And anything that could go wrong, did.  I spaced setting aside a couple warp threads to use in event of breakage and the first thing I got was a broken warp.  Great I thought, I'll just shift everything to the right, and it went downhill from there.  Don't ask.  The repair took hours and I ultimately had to put the left threads onto the lease sticks and rethread those heddles.  I cannot tell you now many times I came close to just cutting it all off thinking of my mother's old expression - throwing good money after bad, only for me it was throwing time.
The loosely spun cotton was badly battered in the group buckets and the front ends were in pretty bad shape from me pulling them free from the knots. When I finally got the warp all set I advanced it and cut off about 15" so not only will these be skinny scarves, they'll also be short with just 4" of fringe.  The good news there is I won't have to twist it.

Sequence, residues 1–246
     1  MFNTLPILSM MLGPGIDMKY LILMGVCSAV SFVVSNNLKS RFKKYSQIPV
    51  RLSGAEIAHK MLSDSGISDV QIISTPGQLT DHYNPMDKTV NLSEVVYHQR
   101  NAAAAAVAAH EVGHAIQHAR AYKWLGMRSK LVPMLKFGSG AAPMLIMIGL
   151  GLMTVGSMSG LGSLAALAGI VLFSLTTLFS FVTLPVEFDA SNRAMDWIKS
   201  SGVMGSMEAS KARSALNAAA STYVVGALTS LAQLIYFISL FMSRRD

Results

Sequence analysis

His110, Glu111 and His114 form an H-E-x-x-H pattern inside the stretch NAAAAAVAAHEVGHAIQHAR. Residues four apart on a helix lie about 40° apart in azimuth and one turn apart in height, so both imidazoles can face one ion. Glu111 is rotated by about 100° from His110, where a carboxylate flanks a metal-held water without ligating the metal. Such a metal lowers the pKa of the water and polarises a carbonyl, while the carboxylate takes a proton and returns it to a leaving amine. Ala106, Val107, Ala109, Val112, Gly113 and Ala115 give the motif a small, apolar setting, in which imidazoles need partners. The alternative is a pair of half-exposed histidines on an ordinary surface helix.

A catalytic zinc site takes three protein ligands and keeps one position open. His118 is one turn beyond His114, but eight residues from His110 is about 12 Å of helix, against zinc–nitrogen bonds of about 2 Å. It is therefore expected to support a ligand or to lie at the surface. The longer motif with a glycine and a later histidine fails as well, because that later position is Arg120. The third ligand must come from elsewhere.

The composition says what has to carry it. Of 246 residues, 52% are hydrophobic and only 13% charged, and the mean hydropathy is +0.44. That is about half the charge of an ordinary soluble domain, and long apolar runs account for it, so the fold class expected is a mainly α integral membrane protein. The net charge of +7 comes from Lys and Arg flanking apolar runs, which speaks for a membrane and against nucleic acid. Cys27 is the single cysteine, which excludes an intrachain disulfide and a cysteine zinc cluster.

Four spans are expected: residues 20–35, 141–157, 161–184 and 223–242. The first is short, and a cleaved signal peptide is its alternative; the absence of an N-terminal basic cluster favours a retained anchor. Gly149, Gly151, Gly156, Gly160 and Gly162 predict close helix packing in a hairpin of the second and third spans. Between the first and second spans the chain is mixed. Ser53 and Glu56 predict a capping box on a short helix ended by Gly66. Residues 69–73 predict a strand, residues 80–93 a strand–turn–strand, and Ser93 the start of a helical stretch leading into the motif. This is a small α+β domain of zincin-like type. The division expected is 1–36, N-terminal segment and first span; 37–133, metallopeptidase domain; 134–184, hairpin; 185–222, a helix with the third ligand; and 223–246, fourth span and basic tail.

We just said goodbye to Ian's old friend John who was our first visitor of this summer, well almost summer.  Last year we took visitors to the High Desert Museum five times so this year we joined.  It was still too cool for the otters to be out and cavorting so these were the only ones we saw.  Attendance was good in spite of the drizzle.
It's really a pleasure to walk on the path along the irrigation canal and I'm trying to take advantage of it as often as I can.
Before long these geese will strong-arm their way into possession of the paths, to say nothing of the copious goose poop and it looks like there are going to be a lot of poopers very soon.  Click for big to see how many! Plus you really need a dog on a leash to avoid conflicts with the possessive males.
Like everyone else here, I'm struggling with spring fever and learned from last year that if you plant too soon, the last frost will get the last laugh.  So I hope I'm demonstrating patience by planting seeds indoors:  heirloom cucumbers, basil, tomatoes and next week I'll add zucchini seeds.
I swore I wouldn't buy any plants until June, but that was before I went to Costco and saw these pansies, day lilies and petunias, and against my better judgement, they are all in the ground.